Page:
U.K. Gas Erases Gain From Ukraine Cutoff on Swollen Inventories

U.K. natural gas fell the most in more than three months, erasing gains triggered yesterday when Russia cut supplies to Ukraine, as the biggest European Union inventories in three years shield the bloc from disruptions.

Front-month gas in the U.K., Europe’s biggest market, slid as much as 5.8 percent on ICE Futures Europe in London, the biggest decline since March 4. Prices jumped as much as 8.8 percent yesterday, the deadline for Ukraine to pay Russian pipeline-gas export monopoly OAO Gazprom for past supplies.

Storage units in the EU were 65 percent full yesterday, the highest for this time of year since 2011, according to Gas Infrastructure Europe, a lobby group in Brussels. Ukraine can go “quite long” without signing another gas-supply accord with Russia, Andriy Kobolyev, chief executive officer of energy company Naftogaz Ukrainy, said today on Bloomberg Television.

“The market is realizing that Ukraine has enough gas in storage to cover several months, and there is also the possibility that they can receive gas from Europe,” Ole Hansen, head of commodity strategy at Saxo Bank in Copenhagen, said by e-mail today. “It’s still status quo in the European gas market, and the price is giving back most of the gains seen up until and just after the deadline was passed.”

The front-month U.K. gas contract fell to the day’s low of 40.15 pence a therm ($6.82 per million British thermal units) on ICE before paring losses to 41 pence a therm by 4:31 p.m. in London after a fire broke out on a gas transit pipeline in Ukraine. Prices climbed to a high of 45.55 pence yesterday before closing 1.8 percent up at 42.61 pence a therm.

Dutch gas for July slid as much as 7.1 percent today to 17 euros ($23) a megawatt-hour on the Title Transfer Facility hub, before trading at 17.77 euros a megawatt-hour, according to broker data compiled by Bloomberg.

Better Prepared

Ukraine failed to pay a debt of more than $4.4 billion for deliveries in November, December, April and May, Gazprom said yesterday. Pipelines running through the nation carry Russian gas that meets about 15 percent of the EU’s needs. The cutoff echoed similar disputes that interrupted shipments to the bloc during freezing weather in 2006 and 2009.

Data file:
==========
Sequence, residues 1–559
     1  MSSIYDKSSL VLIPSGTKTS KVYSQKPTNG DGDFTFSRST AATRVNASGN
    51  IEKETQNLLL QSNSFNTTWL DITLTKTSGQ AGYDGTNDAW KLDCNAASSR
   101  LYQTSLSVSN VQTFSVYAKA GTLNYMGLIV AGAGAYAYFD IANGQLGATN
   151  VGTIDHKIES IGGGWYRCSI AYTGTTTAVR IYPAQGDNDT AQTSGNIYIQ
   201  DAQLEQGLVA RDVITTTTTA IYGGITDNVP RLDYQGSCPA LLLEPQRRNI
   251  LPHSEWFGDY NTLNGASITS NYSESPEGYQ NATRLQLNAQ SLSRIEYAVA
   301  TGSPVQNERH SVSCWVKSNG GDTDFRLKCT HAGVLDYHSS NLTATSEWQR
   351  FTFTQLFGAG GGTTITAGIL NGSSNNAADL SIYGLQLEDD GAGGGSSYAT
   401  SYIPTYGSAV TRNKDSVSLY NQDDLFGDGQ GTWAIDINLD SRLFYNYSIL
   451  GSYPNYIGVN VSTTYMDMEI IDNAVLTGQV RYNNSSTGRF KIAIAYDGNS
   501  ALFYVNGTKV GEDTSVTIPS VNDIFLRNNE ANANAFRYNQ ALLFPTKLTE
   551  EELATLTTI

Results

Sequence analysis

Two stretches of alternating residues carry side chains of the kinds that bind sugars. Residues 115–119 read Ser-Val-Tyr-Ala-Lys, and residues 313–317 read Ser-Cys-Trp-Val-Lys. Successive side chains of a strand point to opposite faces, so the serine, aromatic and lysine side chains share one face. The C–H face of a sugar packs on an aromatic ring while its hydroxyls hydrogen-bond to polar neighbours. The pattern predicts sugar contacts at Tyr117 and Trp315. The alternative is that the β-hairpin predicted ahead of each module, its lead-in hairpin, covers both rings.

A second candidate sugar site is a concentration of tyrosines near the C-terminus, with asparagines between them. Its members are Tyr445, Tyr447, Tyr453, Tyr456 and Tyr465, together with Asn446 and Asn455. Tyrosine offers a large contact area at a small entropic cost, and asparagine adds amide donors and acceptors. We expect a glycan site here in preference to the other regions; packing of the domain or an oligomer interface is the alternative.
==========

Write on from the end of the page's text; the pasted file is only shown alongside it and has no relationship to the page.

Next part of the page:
There’s been no reduction in gas flows from Ukraine, Slovak pipeline operator Eustream said today on its website. Russian transit to Europe through Ukrainian pipelines is proceeding normally at a rate of about 180 million cubic meters a day, a Gazprom official said today by telephone, asking not to be identified in line with company policy.

“If you get a couple of weeks and the talks continue to fail and then it looks like it’s going to be something that doesn’t get resolved during the summer, then that does start to have a few implications,” Trevor Sikorski, head of gas, coal and carbon at consultants Energy Aspects Ltd. in London said by phone yesterday. “We still have loads and loads of gas into storage, so you can go for a month or something.”

Ample Stockpiles

The EU is better prepared now to cope with disruptions as gas stockpiles are ample and the bloc can get fuel from other sources including liquefied natural gas and the Nord Stream pipeline directly from Russia to Germany. Flows can also be reversed to supply Ukraine by carrying gas east.

“It’s possible that all imports necessary to supply Ukrainian consumers can be replaced from Europe,” Kobolyev said. “It will be quite a complicated job if we do not find sufficient supplies in Europe.”

Ukraine is sending a delegation for talks with European Union officials aimed at securing gas supplies. The nation can get 15 billion cubic meters of gas from the EU, Prime Minister Arseniy Yatsenyuk said today in parliament in Kiev. RWE AG, Germany’s second-biggest utility, started sending gas to Ukraine from Poland in April. Slovakia and Hungary also can supply Ukraine using so-called reverse flows.

Ukraine’s domestic production and reverse supply from the European Union “is sufficient to supply the summer demand, but that is not going to be sufficient to fill the Ukrainian gas storage,” Laszlo Varro, head of gas, coal and power division at the International Energy Agency, said in an interview in Paris today. “Energy efficiency in the country is very bad and they will need a lot of gas for winter heating.”

(An earlier version of this story was corrected because it contained an incorrect quote by the CEO of Naftogaz.)

Before it's here, it's on the Bloomberg Terminal.